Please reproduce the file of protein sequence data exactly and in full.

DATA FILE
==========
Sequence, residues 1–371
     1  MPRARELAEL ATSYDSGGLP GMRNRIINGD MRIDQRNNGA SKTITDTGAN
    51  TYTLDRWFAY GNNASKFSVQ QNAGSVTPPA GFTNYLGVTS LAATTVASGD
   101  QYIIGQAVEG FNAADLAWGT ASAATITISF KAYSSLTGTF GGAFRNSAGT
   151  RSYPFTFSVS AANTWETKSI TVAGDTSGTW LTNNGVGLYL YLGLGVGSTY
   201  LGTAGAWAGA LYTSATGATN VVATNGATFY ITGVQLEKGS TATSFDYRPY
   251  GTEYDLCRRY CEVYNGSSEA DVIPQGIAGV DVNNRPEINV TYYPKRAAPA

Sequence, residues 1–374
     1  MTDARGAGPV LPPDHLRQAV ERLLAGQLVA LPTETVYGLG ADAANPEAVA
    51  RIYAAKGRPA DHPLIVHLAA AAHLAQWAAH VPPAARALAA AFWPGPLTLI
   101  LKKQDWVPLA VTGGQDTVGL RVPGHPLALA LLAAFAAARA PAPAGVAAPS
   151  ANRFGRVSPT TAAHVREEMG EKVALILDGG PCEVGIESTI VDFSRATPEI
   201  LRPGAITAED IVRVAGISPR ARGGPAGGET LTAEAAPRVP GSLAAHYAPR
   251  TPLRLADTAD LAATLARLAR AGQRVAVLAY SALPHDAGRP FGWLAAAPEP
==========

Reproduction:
Sequence, residues 1–371
     1  MPRARELAEL ATSYDSGGLP GMRNRIINGD MRIDQRNNGA SKTITDTGAN
    51  TYTLDRWFAY GNNASKFSVQ QNAGSVTPPA GFTNYLGVTS LAATTVASGD
   101  QYIIGQAVEG FNAADLAWGT ASAATITISF KAYSSLTGTF GGAFRNSAGT
   151  RSYPFTFSVS AANTWETKSI TVAGDTSGTW LTNNGVGLYL YLGLGVGSTY
   201  LGTAGAWAGA LYTSATGATN VVATNGATFY ITGVQLEKGS TATSFDYRPY
   251  GTEYDLCRRY CEVYNGSSEA DVIPQGIAGV DVNNRPEINV TYYPKRAAPA

Sequence, residues 1–374
     1  MTDARGAGPV LPPDHLRQAV ERLLAGQLVA LPTETVYGLG ADAANPEAVA
    51  RIYAAKGRPA DHPLIVHLAA AAHLAQWAAH VPPAARALAA AFWPGPLTLI
   101  LKKQDWVPLA VTGGQDTVGL RVPGHPLALA LLAAFAAARA PAPAGVAAPS
   151  ANRFGRVSPT TAAHVREEMG EKVALILDGG PCEVGIESTI VDFSRATPEI
   201  LRPGAITAED IVRVAGISPR ARGGPAGGET LTAEAAPRVP GSLAAHYAPR
   251  TPLRLADTAD LAATLARLAR AGQRVAVLAY SALPHDAGRP FGWLAAAPEP